• Athos, the 203-ft Hoek/Jachtbouw schooner, is back for a second year in a row. She had to drop out of the third and final race last year when one of her massive sails, bricked on deck, rolled onto the leg of one of her crew, badly injuring his leg.
• Seahawk, the 197-ft Ron Holland / Perini Navi flybridge ketch. There will be six other Perini Navis in the Bucket, most luxurious, lumbering ketches.
• Twizzle, a sleek 190-ft Royal Huisman / Dubios ketch. A couple of years ago the only injury in the Bucket occurred after the last race when Twizzle‘s owner reportedly was demonstrating how the boat’s gigantic hydraulic forward hatch worked. The story on the dock was that he guillotined a big toe.
• Zenji, 183-ft, another huge Holland / Perini Navi flybridge ketch.
• Adela, a 182-ft schooner that was built to a William Storey design 111 years ago (!), then extensively rebuilt at Pendennis Shipyard in 1995.
• Adele, a 180-ft Hoek/Vitters ketch. If we’re not mistaken, Kenny Keefe of KKMI will be aboard. She was berthed at the America’s Cup dock in San Francisco last fall.
• Marie, an aggressively sailed dark-hulled 180-ft sistership to Adele, which will be back for her third Bucket after a one-year absence.
Meteor, a 169-ft Dykstra / Royal Huisman schooner.
Other boats of particular interest are Hyperion, the 156-ft Frers / Royal Huisman originally owned by a major Silicon Valley figure, who has gone on to build a 292-ft schooner, a J Class Boat, and has yet another boat in build. (The press is asked to respect the privacy of the owners by not naming names.) The 147-ft R/P / Baltic Visione, owned by the world’s richest software mogul not named Gates, Allen or Ellison. One of the early mega sloops, she’s a previous winner of the Bucket and still very fast. Lady B, the 147-ft Dubois / Vitters that is usually the ride of Dawn Riley, who headed up the 2000 America’s Cup challenge for the San Francisco YC. And Varsovie, the Frers / Swan 100 that has been run for the last bunch of years by Patrick Adams of Mill Valley. Last year their headstay inexplicably broke during the first race, and they had to drop out.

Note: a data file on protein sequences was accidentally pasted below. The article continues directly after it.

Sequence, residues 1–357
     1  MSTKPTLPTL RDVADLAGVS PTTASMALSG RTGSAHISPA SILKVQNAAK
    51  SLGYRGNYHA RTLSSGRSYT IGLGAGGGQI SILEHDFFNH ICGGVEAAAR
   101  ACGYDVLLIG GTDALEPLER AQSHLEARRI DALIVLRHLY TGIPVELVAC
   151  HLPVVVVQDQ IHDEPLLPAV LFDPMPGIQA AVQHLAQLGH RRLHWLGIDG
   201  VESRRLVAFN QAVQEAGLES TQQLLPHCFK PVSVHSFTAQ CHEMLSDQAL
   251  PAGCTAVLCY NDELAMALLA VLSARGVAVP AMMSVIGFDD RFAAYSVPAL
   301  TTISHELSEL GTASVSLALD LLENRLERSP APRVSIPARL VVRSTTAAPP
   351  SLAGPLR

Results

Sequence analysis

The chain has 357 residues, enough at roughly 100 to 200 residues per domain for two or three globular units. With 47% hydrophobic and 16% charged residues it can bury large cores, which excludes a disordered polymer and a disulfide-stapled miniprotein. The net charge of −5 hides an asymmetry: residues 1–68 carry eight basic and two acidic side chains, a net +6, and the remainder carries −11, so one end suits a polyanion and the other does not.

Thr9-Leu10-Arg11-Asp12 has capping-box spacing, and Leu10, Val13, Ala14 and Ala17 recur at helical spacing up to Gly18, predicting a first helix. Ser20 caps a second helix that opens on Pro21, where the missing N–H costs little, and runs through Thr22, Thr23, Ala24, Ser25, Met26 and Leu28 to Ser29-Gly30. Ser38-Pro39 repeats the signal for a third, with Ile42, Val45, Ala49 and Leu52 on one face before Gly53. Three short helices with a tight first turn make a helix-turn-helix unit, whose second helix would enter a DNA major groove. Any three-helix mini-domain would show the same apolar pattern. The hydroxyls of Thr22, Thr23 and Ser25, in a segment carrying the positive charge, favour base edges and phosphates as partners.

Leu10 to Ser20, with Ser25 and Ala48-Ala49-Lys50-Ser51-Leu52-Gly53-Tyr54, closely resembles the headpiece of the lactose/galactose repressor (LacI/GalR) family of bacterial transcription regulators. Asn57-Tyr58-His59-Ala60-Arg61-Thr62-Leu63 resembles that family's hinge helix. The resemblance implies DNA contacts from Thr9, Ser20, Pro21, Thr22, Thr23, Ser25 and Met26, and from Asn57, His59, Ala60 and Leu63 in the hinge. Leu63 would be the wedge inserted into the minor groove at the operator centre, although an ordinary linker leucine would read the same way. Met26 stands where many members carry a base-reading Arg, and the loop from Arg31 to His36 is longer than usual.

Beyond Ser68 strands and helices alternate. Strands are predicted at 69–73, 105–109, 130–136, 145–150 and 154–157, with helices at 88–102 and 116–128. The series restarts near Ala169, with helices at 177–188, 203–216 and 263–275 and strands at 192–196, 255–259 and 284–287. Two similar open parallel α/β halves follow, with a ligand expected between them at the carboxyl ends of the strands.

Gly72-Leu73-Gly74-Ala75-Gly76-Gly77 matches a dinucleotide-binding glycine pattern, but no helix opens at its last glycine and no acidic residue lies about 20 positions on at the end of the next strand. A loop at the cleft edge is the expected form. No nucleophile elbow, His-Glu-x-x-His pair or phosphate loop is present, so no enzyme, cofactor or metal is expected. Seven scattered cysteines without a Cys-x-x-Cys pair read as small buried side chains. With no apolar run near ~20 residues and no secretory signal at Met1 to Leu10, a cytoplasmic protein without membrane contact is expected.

The Bucket is even bigger than New Year’s for St. Barth, and all accommodations on the little island are invariably sold out. So if you want to be a part of the Bucket, you’re two best options are: 1) Charter a boat from 15-mile distant St. Martin and come on over. Or, 2) Join the Wanderer and Dona de Mallorca aboard the Leopard 45 ‘ti Profligate for the week. We rent cabins — double bunk, shower ensuite — for $2,500. Half the week is spent spectating, half the week is spent cruising the island. We know St. Barth, and we know how to get super close to the boats under sail. If someone is looking for a full week of total mellow in the Caribbean, this would be a little too exciting.
The other opportunity to cruise with the Wanderer and de Mallorca aboard ‘ti Profligate in the Caribbean will be the Voiles de St. Barth, April 14 to 19. Despite attracting a bunch of 60 to 100-ftd boats, as well as ones as small as Melges 24s, this is much more of a people’s regatta, and much more exuberant — as in loud rock ‘n’ roll, whiffs of ganja on the docks, and partying as only French sailors in the Caribbean know how to do. Instead of watching the racing as during the Bucket, we’ll be sailing aboard Caribbean legend D Randy West’s recently restored 74-ft catamaran Ppalu, and partying afterwards until we just about drop. This is for the very energetic and young at heart — who nonetheless know how to drink responsibly.
As Apple used to say, just one more thing: If anybody is looking to do a downwind, multi-island bareboat charter, ‘ti Profligate is available starting on May 10 for a 12-day St. Barth, St. Martin, Anguilla, BVIs trip for a very special price.
To put things in context, sailing and doing regattas in St. Barth and the Caribbean is very different from in Mexico. The wind usually blows much harder, the boats are bigger and newer, and the crews are younger and party much harder. Alas, unless you know how to do it, it’s much more expensive, too.
For further information on the Bucket and the Voiles, visit their websites. For details on getting a cabin aboard ‘ti Proflgiate, email Dona de Mallorca.